Web interface, which seems odd. Sort it out tomorrow.
    Jim, Jul 30, 2014
  10. Jim

    Jim Guest

    Hearing tales like that saddens me. I wish
    I could donate the 7Mb/s I was getting before
    today !
    I bought the tool some time ago, but gave up
    after two attempts.
    Could use the mains socket anyway, so I'll have it
    put in.
    Jim, Jul 30, 2014
  11. Jim

    Ian Jackson Guest

    ....... and the switchmode power supplies.
    Ian Jackson, Jul 30, 2014
  12. Jim

    Davey Guest

    I tried first with a cheap tool, and then bought a Belkin, which made a
    huge difference.
    Davey, Jul 30, 2014
  13. I will say one thing: Radio 2 on 198KHZ is way worse than it was when I
    were a lad.

    It is almost unlistenable to in the UK although it was much better in
    the middle of France.

    DSL broadband is probably the culprit.
    The Natural Philosopher, Jul 31, 2014
  14. Jim

    Martin Brown Guest

    Practice makes perfect. You do have to put them in the right order and
    that order isn't entirely obvious but is well documented.

    RJ45 connectors are cheap enough. It is hard to buy less then 50!
    (you pay almost as much for 10 including postage)

    Martin Brown
    Martin Brown, Jul 31, 2014
  15. Jim

    Ian Jackson Guest

    It's certainly a mess in the areas where one (or both) of the other two
    R2 transmitters is also being received, and cannot be nulled out. I
    believe they only came into operation in the 1980s.

    Also, when you (and I) were a lad, the radios were possibly better
    optimised for LW and MW reception. In modern radios, the LW in
    particular often seems to be chucked in as an afterthought.
    But it's nowhere near as strong as the French LW stations are in the UK
    (even right up into Scotland). Whenever I've been abroad, I've usually
    also had the impression that UK stations in general were never received
    as well as we receive foreign stations.
    Potentially is could be, although personally I can't really detect much
    RF hash being radiated from my incoming phone line. [Although I'm at the
    end of a 3+ mile run from the exchange, and only get 1.5Mb/s out of a
    'possible' 8, the LF end of the downstream RF spectrum should still be
    pretty strong compared with the top end at 1.1MHz.]
    Ian Jackson, Jul 31, 2014
  16. Jim

    Mark Carver Guest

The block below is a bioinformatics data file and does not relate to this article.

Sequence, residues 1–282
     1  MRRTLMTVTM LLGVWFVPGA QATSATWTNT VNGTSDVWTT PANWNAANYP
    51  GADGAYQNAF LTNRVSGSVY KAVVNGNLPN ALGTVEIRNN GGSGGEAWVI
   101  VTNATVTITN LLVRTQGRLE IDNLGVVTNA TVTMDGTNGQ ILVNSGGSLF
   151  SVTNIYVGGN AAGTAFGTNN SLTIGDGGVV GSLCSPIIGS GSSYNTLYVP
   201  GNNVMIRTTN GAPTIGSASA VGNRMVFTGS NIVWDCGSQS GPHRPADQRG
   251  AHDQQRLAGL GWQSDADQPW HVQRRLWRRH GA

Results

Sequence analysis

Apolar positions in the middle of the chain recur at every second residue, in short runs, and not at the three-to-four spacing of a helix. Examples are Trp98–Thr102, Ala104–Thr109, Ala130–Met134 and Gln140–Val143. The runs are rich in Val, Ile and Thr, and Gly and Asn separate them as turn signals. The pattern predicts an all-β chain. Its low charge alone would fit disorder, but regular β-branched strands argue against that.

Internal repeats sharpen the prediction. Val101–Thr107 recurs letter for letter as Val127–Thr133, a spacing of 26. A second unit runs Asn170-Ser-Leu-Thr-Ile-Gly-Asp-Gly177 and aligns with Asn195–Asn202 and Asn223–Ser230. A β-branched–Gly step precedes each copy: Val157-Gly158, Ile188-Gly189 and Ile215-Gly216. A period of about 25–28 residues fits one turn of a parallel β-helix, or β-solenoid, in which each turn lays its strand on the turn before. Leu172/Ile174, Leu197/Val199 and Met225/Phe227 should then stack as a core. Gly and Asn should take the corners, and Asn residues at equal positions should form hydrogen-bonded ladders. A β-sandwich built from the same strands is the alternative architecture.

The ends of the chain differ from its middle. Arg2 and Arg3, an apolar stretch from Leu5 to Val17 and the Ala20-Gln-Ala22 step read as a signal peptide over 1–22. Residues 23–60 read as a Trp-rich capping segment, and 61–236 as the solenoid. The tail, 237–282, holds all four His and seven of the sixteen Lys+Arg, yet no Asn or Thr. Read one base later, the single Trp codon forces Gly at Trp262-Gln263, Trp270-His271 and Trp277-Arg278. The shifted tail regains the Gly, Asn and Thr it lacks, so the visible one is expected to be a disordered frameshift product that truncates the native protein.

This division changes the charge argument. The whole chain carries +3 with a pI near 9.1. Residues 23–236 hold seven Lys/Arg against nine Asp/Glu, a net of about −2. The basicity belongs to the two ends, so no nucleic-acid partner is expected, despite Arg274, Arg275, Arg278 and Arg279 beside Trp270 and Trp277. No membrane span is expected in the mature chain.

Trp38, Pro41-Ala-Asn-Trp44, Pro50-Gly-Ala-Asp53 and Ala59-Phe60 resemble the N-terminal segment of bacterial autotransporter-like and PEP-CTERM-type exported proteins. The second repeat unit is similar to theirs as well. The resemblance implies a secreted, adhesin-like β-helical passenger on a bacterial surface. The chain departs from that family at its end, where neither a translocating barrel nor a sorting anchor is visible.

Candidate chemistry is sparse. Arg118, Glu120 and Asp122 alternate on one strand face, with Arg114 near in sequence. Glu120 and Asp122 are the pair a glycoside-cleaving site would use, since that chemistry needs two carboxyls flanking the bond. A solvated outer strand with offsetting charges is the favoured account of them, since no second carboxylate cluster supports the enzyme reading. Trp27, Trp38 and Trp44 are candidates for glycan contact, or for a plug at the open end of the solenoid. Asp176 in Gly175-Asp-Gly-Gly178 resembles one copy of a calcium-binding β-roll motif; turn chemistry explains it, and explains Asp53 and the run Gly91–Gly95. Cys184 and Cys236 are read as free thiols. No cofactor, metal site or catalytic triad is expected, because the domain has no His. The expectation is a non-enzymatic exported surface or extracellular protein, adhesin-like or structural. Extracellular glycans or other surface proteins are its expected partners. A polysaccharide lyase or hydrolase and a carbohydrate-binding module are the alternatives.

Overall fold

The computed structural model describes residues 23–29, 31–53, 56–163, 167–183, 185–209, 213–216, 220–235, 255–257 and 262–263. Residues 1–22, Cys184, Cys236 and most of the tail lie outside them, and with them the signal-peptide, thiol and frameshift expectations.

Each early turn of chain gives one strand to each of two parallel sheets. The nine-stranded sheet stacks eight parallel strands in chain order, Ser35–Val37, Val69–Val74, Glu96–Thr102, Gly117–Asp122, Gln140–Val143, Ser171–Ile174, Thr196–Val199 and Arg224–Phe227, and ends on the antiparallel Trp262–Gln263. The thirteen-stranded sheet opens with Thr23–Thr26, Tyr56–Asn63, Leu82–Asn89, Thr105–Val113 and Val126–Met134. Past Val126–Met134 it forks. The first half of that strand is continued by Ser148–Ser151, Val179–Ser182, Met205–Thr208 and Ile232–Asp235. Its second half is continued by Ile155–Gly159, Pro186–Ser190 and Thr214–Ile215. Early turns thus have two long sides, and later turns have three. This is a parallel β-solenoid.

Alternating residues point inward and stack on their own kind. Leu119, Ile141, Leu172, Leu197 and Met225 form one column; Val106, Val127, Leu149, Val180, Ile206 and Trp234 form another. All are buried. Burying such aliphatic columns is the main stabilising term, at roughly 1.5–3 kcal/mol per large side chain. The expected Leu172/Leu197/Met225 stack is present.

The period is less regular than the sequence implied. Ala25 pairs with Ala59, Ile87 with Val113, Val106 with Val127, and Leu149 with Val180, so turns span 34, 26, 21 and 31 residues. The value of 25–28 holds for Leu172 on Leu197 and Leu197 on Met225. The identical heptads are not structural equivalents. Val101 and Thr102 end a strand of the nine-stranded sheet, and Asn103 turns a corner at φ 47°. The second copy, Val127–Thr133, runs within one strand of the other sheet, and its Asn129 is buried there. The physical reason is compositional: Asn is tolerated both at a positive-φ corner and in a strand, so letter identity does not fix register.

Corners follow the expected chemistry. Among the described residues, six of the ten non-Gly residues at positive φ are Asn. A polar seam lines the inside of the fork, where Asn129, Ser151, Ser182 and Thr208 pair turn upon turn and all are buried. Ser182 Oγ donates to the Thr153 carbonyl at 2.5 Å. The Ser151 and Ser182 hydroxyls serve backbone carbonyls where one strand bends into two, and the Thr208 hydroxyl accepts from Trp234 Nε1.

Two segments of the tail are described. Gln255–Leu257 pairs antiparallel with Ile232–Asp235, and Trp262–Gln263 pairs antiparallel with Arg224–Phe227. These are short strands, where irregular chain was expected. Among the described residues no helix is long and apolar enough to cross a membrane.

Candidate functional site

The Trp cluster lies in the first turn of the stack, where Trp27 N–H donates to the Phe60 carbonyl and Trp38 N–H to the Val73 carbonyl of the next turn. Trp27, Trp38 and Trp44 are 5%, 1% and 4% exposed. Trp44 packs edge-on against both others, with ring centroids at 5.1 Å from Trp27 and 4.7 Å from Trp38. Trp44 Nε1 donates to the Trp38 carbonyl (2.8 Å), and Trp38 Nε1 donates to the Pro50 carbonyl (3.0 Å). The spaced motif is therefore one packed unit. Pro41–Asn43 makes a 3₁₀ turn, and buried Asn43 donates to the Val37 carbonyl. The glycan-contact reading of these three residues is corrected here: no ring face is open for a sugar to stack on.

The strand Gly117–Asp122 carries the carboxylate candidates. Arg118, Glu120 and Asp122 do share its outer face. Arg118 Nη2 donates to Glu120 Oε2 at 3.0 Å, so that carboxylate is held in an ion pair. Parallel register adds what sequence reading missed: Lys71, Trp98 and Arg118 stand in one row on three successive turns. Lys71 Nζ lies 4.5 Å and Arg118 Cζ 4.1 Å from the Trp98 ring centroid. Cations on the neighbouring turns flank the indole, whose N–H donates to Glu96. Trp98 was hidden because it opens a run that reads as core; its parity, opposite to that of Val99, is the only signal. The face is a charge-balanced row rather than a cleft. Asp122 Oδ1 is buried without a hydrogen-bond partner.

Certainly is, probably because Radio 4 took its slot in Nov 1978 :)
    Mark Carver, Jul 31, 2014
  17. Jim

    Martin Brown Guest

    Have you done the bell wire hack? Provided that you don't have
    prehistoric phones it makes quite a difference to SNR. Somewhere between
    30-50% speed improvement when I did it on my rural line. See

    I now have just enough bandwidth to live stream one channel of HDTV.

    Martin Brown
    Martin Brown, Jul 31, 2014
  18. oh well. Whatever it is. Test match special innit?

    So its not radio4 either
    The Natural Philosopher, Jul 31, 2014
  19. Jim

    Graham J Guest

    Ian Jackson wrote:
    As a teenager in the 1960's I stopped listening to MW & LW radio because
    the interference was so bad (this was East Anglia - other parts of the
    UK may have suffered less). I listened using FM instead.

    I still listen to FM despite the availability of DAB. All the radios
    with DAB that I've tried seem to produce a sort of "burbling"
    interference - just tolerable on talk programmes but an absolute waste
    of time on music programmes.
    Graham J, Jul 31, 2014
  20. Jim

    Mark Carver Guest

    Well, they lend the Radio 4 LW/MW network to Radio 5 Sports Extra, when
    TMS is running. (As R5-Sp-Ex is a 'digital' only service)
    Mark Carver, Jul 31, 2014
    1. Advertisements

Ask a Question

Want to reply to this thread or ask your own question?

You'll need to choose a username for the site, which only take a couple of moments (here). After that, you can post your question and our members will help you out.